to be reduced. For example, I lined a chute with UHMW to feed our anchor
chain into the chain locker. The anchor chain glides into the locker as
if sliding on Teflon. We also used it in front of our deck cleats in lieu
of deck chocks to reduce chafe on the lines.

The aluminum bar
stock and extruded angles that I used were alloy 6061, which is the normally
available alloy for extrusions. This 6061 is commonly used in aluminum
yacht and workboat construction, but it is best used in above-water applications.
It has less corrosion resistance than the true saltwater alloys such as
the 5000 series. We plan to paint the aluminum for the sake of an improved
appearance.

Plastic spacers

Plastic spacers keep copper alloys away from aluminum

We took great care to make sure no copper containing alloys came in contact
with the aluminum. Our stanchion bases are made of either bronze or 316
stainless steel. They were made locally and they have a thin plastic (UHMW)
spacer isolating the stanchion bases from the aluminum bracket beneath.
The aluminum was painted with epoxy and linear polyurethane paint, and
while that is probably sufficient isolation from stainless, it’s
not that much more work to put in a little polyethylene spacer.
We attached the genoa track to a 2-inch by 2-inch by 1/4-inch length of
aluminum angle bolted to the inside of our aluminum toerail. This tactic
alone saved almost 100 holes through the deck. The aluminum angle was
bent using a plywood template by a local steel shop to conform exactly
to the curvature of the deck. The track angle is braced additionally every
4 feet with aluminum angle bolted to the deck and glued with 5200. The
finished track seems sturdy and superior to what it replaced.

In our most heavily
loaded bulkheads I placed the toerail aluminum angle brackets over the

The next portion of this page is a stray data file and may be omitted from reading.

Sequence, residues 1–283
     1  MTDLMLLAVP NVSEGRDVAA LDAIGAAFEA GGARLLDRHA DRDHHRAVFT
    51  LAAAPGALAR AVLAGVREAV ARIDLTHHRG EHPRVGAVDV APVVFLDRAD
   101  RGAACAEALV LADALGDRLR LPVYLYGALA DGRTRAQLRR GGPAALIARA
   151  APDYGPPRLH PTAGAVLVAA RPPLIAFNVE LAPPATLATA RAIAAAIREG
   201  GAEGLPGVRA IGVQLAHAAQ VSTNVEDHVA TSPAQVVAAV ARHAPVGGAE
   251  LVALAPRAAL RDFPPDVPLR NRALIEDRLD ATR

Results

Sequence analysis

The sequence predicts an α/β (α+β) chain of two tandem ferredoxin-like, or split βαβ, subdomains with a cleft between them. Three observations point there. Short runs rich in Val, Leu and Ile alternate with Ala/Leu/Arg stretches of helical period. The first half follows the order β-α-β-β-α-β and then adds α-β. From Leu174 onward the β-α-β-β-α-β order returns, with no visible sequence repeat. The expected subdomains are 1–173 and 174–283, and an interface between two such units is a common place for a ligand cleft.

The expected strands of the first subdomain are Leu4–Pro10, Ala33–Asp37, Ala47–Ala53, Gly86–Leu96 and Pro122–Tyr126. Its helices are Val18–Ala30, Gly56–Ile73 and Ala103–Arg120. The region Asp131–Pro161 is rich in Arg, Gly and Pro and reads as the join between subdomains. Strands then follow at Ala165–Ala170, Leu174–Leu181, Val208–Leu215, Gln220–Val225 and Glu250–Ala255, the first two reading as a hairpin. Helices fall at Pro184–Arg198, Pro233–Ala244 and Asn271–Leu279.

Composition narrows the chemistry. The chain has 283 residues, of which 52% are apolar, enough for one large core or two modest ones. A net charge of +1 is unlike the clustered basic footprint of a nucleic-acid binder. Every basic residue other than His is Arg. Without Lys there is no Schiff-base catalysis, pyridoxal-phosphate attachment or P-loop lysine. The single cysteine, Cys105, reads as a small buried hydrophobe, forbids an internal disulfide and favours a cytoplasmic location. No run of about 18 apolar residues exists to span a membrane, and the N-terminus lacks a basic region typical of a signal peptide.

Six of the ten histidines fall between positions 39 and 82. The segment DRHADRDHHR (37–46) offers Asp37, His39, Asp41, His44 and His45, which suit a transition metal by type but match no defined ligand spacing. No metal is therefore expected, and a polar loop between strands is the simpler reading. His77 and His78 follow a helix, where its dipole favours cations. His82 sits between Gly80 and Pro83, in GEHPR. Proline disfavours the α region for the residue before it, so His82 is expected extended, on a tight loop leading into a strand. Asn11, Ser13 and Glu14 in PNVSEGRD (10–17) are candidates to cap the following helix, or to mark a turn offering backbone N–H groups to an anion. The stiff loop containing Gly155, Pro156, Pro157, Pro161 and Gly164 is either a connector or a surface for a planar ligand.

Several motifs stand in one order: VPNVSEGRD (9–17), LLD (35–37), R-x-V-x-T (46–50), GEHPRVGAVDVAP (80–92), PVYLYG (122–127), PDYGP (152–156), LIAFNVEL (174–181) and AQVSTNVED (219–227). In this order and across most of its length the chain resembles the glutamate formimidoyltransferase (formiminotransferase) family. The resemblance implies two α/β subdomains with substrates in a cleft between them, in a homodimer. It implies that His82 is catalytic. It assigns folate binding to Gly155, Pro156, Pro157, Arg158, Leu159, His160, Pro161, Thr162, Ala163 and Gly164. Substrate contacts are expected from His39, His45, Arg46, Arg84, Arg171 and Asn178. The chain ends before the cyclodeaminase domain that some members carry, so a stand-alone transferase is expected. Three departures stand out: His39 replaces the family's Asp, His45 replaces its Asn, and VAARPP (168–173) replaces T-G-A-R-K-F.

interior structural bulkheads. Additional aluminum angle pieces were bolted
to the bulkheads and fastened to the angle toerail brackets above to tie
all these components together. The oversized deck cleats were bolted over
the bulkheads to the aluminum angles below. This is considerably stronger
than just using conventional backing plates.

The majority of vessels
I’d examined weren’t husky enough to cope with the boisterous
high-latitude offshore sailing conditions we expect Koho to encounter.
I think that aluminum construction is superior to all other boatbuilding
methods if you want to wed lightness and strength. My concept during this
refit was to use this superb material to strengthen and stiffen an older
fiberglass sailboat, utilizing one of the most abundant elements in the
earth’s crust.

Hugh, an anesthesiologist
in Idaho, is completing a total refit of
Koho, a 1966 Cal 48. He and his
wife, Karlene, formerly lived and sailed in Alaska on their 40-foot home-built
sailboat,
Endurance. They are preparing Koho for a voyage to Antarctica
and New Zealand.

Stanchion Repair

Stanchion repair

By Norman Ralph

Article taken from Good Old Boat magazine: Volume 2, Number 6, November/December 1999.

Bent stanchions and delaminated decks

Stanchion pulled away from the deck

When we were unloading our boat following a recent week-long cruise,
I noticed the midship stanchion on the port side was slightly bent